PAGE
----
Make a new git branch (run git checkout -b new_branch_name from within your git repository). Make changes to your mapping and commit them when your changes work. Before making any commits, configure git to use your name and email in your commits. See the Using Git wiki page for more information. Please prefix your git commit messages with the name of your controller so others can easily tell what the commits are for after your changes are merged. For example, a good commit message could look like:
Hercules P32: push browse encoder to maximize/minimize library

Working on your mapping in your git repository

In GNU/Linux and Mac OS X, you can directly work on your mapping in your git repository. Mixxx automatically reloads JavaScript mapping files when they are changed, so you can work on the JS part of the mapping while running Mixxx to test your changes. To do this, delete the controllers directory in your user preferences folder (backup any work in progress that you do not want to lose first!) and make a symbolic link to the res/controllers directory in your git repository. For example, if your git repository is under the “software” directory in your home directory on GNU/Linux, run:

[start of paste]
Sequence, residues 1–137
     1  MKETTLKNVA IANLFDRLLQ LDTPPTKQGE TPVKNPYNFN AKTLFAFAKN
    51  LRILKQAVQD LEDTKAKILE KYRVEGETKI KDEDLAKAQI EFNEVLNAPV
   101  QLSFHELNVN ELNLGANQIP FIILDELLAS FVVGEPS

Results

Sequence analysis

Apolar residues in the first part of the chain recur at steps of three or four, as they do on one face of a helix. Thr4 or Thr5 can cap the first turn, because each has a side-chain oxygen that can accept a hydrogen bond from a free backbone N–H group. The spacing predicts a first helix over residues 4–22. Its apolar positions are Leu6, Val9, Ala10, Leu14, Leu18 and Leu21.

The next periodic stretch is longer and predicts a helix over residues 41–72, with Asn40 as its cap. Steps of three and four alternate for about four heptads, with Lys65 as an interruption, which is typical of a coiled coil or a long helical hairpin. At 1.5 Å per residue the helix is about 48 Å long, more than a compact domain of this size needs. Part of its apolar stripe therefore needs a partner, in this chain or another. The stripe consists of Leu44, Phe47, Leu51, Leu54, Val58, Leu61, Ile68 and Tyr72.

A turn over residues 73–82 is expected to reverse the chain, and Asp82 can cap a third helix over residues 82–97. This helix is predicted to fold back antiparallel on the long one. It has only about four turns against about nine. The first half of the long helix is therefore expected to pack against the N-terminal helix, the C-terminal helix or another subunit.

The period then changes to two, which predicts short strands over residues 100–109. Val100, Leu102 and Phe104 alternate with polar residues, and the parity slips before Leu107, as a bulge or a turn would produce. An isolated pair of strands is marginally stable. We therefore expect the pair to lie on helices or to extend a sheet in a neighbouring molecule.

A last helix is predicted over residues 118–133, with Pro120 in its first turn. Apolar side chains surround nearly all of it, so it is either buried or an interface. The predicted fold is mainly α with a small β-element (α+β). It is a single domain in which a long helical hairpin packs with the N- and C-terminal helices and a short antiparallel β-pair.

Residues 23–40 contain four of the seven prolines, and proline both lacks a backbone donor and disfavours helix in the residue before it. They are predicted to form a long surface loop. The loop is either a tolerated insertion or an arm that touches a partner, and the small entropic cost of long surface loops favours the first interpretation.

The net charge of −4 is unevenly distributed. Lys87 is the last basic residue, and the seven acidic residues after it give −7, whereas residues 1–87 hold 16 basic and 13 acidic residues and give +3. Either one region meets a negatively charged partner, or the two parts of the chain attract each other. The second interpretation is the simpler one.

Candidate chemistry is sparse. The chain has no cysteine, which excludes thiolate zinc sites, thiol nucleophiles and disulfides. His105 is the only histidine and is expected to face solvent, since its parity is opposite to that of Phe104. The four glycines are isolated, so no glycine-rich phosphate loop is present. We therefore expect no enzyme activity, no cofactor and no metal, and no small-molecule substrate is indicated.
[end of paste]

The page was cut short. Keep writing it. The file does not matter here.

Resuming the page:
ln -s ~/software/mixxx/res/controllers ~/.mixxx/controllers

Working on your mapping and other branches simultaneously

Refer to instructions on the Using Git page.

Submitting your mapping for review

When your mapping is complete, documented on the wiki, and you are ready to submit your mapping for inclusion in Mixxx, make a pull request on GitHub. Make sure that the target branch of mixxxdj/mixxx for your pull request is the branch that you started your git branch from (if it isn't, you'll see commits unrelated to your mapping included in your pull request).

Although we try not to let pull requests linger without review, keep in mind that Mixxx is a volunteer project and someone will review your pull request when they have time available. Mappings will be reviewed to check that they follow the design guidelines, coding conventions for JavaScript, coding conventions for XML, to check that the mapping is documented well on the wiki, and to look for potential bugs. To update your mapping in response to reviewers' comments, edit your file(s), make a new git commit, and push your git commit. The new commit(s) will automatically show up in the pull request.

After your mapping is merged

You are encouraged to join the Mixxx-devel email list to stay involved with Mixxx and keep your mapping up to date with new Mixxx features.